Sometimes, I wish I’d never picked up cooking as a hobby. Especially with BF around. I get bored making the same thing, stuff that looks like a Swanson TV dinner. Sure, it’s easy to throw in the CrockPot, and I appreciate that part of the meat-and-potatoes dinner. But geez–can’t we eat something different sometime? Grass-fed beef if it’s on sale? It wouldn’t hurt to buy organic milk when we have the chance, either.
Last week we had to head over to Baton Rouge, and I twisted his arm to take me into Sur la Table. It’s a smaller store than Baybrook, and they don’t do cooking classes, darnit. When I told him about it, he kind of knew where it was, but had no idea why. Finally, after trying to explain “professional cooking tools,” and not getting through, I decided to take it to his level.
See, BF isn’t stupid or ignorant–but sometimes, he has no frame of reference. It’s not ignorance–that’s just not ever knowing what something is. Like a popular TV show that everyone else watches, but you’ve never seen it, so you have no idea what the other person is talking about. Happens to both of us all the time. To him, buying something at a pricey store is no different than going to Walmart for it. Finally, I thought on his level, and realized how to explain it.
“It’s Snap-On Tools For Cooks.”
THAT made sense! If you’re not familiar, Snap-On Tools are the high-end, professional grade mechanics’ tools that are coveted by car guys and gals everywhere. They work the FIRST time you put that wrench on a bolt. Sure, they’re expensive, but they’re professional grade and are made to last a lifetime, just like Le Creuset pots.
What did I need? A good potato masher. I make mashed potatoes for him a lot now, and so I needed one. I wanted a good one that would last a long time, and I got it. (It also doubles as something strong to whack him with if he starts messing around in the kitchen.) Of course, all he could think of was, “It’s overpriced.”
A Tale Of Two Salads
To give you an idea of the contrast between us, BF took me to a local seafood restaurant recently, where they have a salad bar. If you order an entree, there’s one trip to the salad bar. You can just have salad for one price with multiple trips. If you’re really hungry, order an entree *and* multiple trips to the salad bar. I make mine count.
As a veteran of places like Sweet Tomatoes, I look for the good stuff, and frequently pass on salad dressing:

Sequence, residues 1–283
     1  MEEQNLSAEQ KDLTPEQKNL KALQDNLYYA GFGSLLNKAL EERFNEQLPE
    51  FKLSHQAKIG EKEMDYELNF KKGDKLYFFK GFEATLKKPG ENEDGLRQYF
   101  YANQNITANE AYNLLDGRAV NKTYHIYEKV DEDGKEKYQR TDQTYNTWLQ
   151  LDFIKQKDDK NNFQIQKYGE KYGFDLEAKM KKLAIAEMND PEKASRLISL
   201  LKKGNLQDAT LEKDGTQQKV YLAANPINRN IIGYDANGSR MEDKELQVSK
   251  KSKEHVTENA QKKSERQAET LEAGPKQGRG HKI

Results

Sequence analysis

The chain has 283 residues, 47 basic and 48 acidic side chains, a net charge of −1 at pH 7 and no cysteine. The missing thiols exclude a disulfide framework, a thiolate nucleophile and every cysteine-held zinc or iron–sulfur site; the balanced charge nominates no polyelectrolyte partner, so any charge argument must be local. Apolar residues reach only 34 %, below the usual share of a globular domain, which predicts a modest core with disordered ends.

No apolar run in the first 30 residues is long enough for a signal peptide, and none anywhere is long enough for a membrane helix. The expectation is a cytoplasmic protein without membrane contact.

Oh, yes. And those are raisins and dried cranberries, too. Not too many, but some for added sweetness. Now, when BF hits the salad bar, this is what he comes back with:
About a half-cup of lettuce, some cheese, red onion, 12 ounces of Thousand-Island dressing and several bread croutons. And yet, the lettuce gave him. . .gas. That’s what he says, anyway. He takes the hush puppies off my plate, too.
BF cringes when we go to restaurants, but thankfully, it’s not very often. I try hard to find the healthiest thing available, and I’ve been successful each time by asking questions. So you see what I’m working with.
Amy Makes Gumbo
Much as I’m *not* a fan of Louisiana food, I made gumbo for us recently. Why did I grow up in Louisiana, but don’t want any? Well, I’m done with it. And, Louisiana food is a lot of flour, hydrogenated oil and other unhealthy stuff I don’t want. So I dropped it years ago. Mexican food, yes, thank you, with lots of guacamole, sour cream, cheddar cheese and fresh salsa. But you can keep the rest of that stuff. Yuck.
Oh, and BF’s daughter made a gumbo for us once that used the base out of a packet. No. Everybody here has their own way of making gumbo, but. . .well, she bought a gumbo mix or something.
Admittedly, if BF decides to go for some boiled crawfish, I’ll gladly have some. Shrimp, of course, I love, as long as I don’t have to peel 150 pounds of them. (I’ve done that too.) I usually order shrimp in a restaurant, because I don’t have to mess with them. Crab, it’s been way to long. And oysters are only good if they’re deep fried in hydrogenated oil with high-carb cornmeal and flour, so I usually pass. But jambalaya and gumbo? No thanks. Until now.
Could It Be. . .Gluten Free?
Yes, indeed, it can, thanks to my accidental finding of a gumbo recipe in a cookbook a couple of weeks ago.
Now, I showed you the pictures from the gumbo cookout we visited at the holidays. (BF recently visited Mr. Calhoun at his place of business, the auto shop, for car stuff for one of his clients.) On one of those trips, BF had the occasion to have lunch on the road, and he got. . .gumbo. The “real” kind, from somewhere in Baton Rouge, I think. He texted me the picture:
And yes, he loaded up on crackers. No thanks. He actually didn’t finish it, brought it to his brother’s place of business, and his brother gobbled it up. Enjoy, guys.